One of the top lookups during the second week of February is always the word “love.” People go to the dictionary looking for poetry and romance and a possibly sexy deep insight they can put on a $2.00 greeting card. Alas: they find a very boring and completely unsexy definition instead. In a spirit of generosity, some of them write in to tell us what we’re missing; below you’ll find a few unedited selections from the Merriam-Webster correspondence files on what “love” really means. (For a deeper discussion on the inadequacies of our definitions, I’d encourage you to read the Seen & Heard comments at the bottom of the Online Dictionary’s entry for “love.”)
Love is intelligent, there is more to Love then a Hug and a kiss, love has many acts in life and has many roles. Love is characterful.
you are wrong love is great untill it gets you scared, because you don’t know what to do
The meaning of love in your dictionary is wrong. The meaning of love is the Jonas Brothers.
You and I have known each other quite a while–37 years!–and we’ve certainly had our ups and downs. I’m told that I was gaga over you for the first few years, reading early, talking nonstop–not even pausing for breath when I talked but instead teaching myself how to speak on inhalation. Other people thought it was cute at first, but I know they soon grew sick of my obsessiveness with you and your willingness to feed that obsession.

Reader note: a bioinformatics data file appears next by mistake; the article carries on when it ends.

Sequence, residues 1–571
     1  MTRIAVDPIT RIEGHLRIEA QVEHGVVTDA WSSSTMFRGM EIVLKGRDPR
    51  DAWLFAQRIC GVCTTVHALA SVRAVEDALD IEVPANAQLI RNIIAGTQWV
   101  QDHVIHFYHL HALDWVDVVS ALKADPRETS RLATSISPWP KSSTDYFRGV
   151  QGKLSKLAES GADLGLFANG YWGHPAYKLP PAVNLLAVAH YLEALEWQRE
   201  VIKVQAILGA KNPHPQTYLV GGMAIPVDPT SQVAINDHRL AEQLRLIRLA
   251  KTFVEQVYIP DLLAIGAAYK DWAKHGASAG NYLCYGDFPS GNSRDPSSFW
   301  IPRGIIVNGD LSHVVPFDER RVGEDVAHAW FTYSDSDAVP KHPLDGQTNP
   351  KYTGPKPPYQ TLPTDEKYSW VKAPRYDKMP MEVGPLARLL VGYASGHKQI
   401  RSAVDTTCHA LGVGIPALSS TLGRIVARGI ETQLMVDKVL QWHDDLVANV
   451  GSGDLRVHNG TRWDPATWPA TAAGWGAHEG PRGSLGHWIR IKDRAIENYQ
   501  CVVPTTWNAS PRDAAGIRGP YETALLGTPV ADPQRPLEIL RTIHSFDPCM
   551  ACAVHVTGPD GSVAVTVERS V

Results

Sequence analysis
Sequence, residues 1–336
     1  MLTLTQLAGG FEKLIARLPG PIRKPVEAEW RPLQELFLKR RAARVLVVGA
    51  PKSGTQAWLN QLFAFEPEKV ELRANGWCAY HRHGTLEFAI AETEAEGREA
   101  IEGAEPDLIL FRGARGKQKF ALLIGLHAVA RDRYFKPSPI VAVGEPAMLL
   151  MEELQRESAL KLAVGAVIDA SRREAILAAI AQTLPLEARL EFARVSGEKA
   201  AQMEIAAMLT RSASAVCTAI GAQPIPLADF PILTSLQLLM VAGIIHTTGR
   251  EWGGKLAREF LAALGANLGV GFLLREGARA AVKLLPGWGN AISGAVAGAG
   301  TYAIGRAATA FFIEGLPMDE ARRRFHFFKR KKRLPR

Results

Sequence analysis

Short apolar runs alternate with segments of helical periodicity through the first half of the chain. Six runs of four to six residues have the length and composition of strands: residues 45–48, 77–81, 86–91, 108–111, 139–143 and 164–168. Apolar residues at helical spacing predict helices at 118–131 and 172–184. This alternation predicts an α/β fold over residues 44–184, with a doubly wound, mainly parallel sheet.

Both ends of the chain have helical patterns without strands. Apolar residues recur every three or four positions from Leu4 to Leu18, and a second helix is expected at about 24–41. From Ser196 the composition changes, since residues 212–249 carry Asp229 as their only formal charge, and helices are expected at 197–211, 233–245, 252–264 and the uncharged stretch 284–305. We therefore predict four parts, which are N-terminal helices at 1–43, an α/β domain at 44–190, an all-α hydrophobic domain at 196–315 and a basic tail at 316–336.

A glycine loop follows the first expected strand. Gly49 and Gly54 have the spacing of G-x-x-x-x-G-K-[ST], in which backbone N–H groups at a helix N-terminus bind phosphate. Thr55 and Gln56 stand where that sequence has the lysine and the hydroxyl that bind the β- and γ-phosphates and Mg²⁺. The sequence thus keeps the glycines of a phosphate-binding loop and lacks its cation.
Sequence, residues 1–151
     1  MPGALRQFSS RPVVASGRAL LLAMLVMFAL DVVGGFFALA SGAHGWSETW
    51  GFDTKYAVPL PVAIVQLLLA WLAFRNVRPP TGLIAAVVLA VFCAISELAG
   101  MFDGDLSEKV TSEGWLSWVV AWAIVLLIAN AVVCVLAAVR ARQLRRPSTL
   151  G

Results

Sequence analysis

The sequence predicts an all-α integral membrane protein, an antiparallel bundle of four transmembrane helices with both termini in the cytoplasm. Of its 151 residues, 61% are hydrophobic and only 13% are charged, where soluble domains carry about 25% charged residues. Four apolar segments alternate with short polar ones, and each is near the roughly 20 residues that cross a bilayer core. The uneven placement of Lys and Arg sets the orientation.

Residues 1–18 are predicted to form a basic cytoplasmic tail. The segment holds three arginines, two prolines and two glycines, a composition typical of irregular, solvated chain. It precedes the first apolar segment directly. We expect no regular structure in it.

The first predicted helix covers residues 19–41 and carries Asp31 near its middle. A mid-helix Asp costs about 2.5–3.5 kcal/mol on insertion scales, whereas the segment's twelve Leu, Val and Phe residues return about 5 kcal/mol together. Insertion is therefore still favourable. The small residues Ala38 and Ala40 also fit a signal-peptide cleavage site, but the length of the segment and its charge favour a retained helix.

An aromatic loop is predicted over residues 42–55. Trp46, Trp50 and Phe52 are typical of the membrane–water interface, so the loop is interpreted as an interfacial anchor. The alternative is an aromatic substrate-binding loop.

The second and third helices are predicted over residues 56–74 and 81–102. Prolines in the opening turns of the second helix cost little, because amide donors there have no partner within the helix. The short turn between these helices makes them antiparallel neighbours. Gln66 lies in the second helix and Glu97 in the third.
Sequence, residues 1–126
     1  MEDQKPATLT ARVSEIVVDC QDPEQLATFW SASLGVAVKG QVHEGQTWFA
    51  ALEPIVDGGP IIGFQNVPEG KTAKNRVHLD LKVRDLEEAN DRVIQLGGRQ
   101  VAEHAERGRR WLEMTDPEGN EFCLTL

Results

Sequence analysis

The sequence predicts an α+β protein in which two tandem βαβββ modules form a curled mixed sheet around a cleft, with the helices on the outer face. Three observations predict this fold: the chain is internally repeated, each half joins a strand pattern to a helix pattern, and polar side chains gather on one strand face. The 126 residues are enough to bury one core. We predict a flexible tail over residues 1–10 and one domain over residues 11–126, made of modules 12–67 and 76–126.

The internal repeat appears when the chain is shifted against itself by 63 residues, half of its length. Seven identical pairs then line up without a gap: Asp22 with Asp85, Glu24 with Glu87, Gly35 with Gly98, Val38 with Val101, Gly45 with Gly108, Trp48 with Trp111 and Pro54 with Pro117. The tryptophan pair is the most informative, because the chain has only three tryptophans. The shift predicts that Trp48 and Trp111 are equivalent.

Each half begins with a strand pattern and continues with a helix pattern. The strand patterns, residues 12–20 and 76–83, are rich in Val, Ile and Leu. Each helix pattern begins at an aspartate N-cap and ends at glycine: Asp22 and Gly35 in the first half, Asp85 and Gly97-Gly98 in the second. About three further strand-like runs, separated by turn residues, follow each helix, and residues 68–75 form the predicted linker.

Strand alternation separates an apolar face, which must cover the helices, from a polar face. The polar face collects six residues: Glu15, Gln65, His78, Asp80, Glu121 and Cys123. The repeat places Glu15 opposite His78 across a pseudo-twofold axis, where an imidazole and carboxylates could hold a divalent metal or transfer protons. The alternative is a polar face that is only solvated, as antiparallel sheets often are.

My ardor cooled the longer we were together, which I’ve heard is normal in any long-term relationship. I had other interests that you didn’t share, though you were happy to quietly accompany me in my fort-making and bike-riding. You told me stories and kept me entranced, as though you knew that others were trying to tell me the truth about you, pulling me away from you. Mr. Hubbard, third grade, who taught me that some parts of you were better left to my own secret discoveries and not to be shouted on the playground when I jumped from the swings; Ms. Carlson, seventh grade, who told me that you were too deep for me and encouraged me to leave you for math; Ms. Talasek.
Oh, Ms. Talasek: bright-eyed, slightly manic, endowed with a magnificent Roman nose, and deeply, deeply in love with you. She’d swan about the room, book in hand, and elocute like her life depended on it. She began our studies on 1984 by reading aloud the first sentence and finishing with “Just listen to that! ‘Striking thirteen,’ the way those vowels all hammer together!” She beamed. My eyes widened, then narrowed. Continue reading